The one exception is the statement by Thomas Jefferson that he considered "the government of the United States as interdicted by the Constitution from intermeddling with religious institutions, their doctrines, discipline, or exercises"; but it is quite clear that Jefferson did not in fact espouse the broad principle of affirmative accommodation advocated by the dissent, see McConnell, The Origins and Historical Understanding of Free Exercise of Religion, 103 Harv. L. Rev. 1409, 1415 (1990) [("Jefferson's understanding of the scope and rationale of free exercise rights, however, was more limited even than Locke's. Like Locke, he based his advocacy of freedom of religion on the judgment that religion, properly confined, can do no harm: 'The legitimate powers of government extend to such acts only as are injurious to others. But it does me no injury for my neighbour to say there are twenty gods, or no god. It neither picks my pocket nor breaks my leg.'")]….

[C.] Had the understanding in the period surrounding the ratification of the Bill of Rights been that the various forms of accommodation discussed by the dissent were constitutionally required (either by State Constitutions or by the Federal Constitution), it would be surprising not to find a single state or federal case refusing to enforce a generally applicable statute because of its failure to make accommodation. Yet the dissent cites none—and to my knowledge, and to the know­ledge of the academic defenders of the dissent's position, none exists.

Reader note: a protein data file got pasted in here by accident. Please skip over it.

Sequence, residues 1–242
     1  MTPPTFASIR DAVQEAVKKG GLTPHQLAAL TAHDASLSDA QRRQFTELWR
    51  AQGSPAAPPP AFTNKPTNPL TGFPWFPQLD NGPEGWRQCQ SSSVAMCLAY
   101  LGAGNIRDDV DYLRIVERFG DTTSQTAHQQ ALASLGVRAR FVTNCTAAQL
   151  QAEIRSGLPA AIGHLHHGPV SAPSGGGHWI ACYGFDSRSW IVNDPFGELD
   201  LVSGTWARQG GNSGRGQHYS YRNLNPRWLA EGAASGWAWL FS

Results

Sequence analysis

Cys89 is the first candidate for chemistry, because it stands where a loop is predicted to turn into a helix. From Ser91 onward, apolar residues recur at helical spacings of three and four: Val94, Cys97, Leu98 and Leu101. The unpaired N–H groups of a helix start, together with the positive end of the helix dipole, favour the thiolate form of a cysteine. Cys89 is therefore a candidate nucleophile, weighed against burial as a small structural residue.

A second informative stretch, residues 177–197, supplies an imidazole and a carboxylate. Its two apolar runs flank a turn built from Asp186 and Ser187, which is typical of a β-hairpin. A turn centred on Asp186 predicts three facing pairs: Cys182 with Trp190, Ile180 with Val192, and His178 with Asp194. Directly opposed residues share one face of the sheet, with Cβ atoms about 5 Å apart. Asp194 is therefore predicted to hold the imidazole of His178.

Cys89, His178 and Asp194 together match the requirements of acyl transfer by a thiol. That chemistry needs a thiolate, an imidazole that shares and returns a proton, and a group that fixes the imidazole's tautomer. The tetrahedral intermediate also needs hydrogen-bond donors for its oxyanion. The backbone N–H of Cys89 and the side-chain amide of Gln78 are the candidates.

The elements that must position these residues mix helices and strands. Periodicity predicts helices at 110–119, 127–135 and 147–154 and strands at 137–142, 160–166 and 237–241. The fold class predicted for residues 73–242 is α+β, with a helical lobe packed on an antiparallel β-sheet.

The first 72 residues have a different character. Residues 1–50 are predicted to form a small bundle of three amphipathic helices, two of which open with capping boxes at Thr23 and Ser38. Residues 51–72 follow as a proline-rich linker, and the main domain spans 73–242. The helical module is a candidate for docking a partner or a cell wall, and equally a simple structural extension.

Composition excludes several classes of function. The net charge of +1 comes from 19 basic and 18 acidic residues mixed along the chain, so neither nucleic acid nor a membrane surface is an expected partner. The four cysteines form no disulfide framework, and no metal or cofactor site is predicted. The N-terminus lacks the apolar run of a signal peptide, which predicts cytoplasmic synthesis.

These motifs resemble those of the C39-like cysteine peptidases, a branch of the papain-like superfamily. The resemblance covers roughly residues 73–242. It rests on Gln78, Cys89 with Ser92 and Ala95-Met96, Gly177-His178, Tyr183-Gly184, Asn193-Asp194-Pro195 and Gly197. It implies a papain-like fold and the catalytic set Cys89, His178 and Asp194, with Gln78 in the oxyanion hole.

The closest one can come in the period prior to 1850 is the decision of a New York City municipal court in 1813, holding that the New York Constitution of 1777 required acknowledgment of a priest-penitent privilege, to protect a Catholic priest from being compelled to testify as to the contents of a confession. People v. Phillips (N.Y. Ct. Gen. Sess. 1813). Even this lone case is weak authority, not only because it comes from a minor court [conducted by the Mayor, who had never been a jurist], but also because it did not involve a statute, and the same result might possibly have been achieved (without invoking constitutional entitlement) by the court's simply modifying the common-law rules of evidence to recognize such a privilege.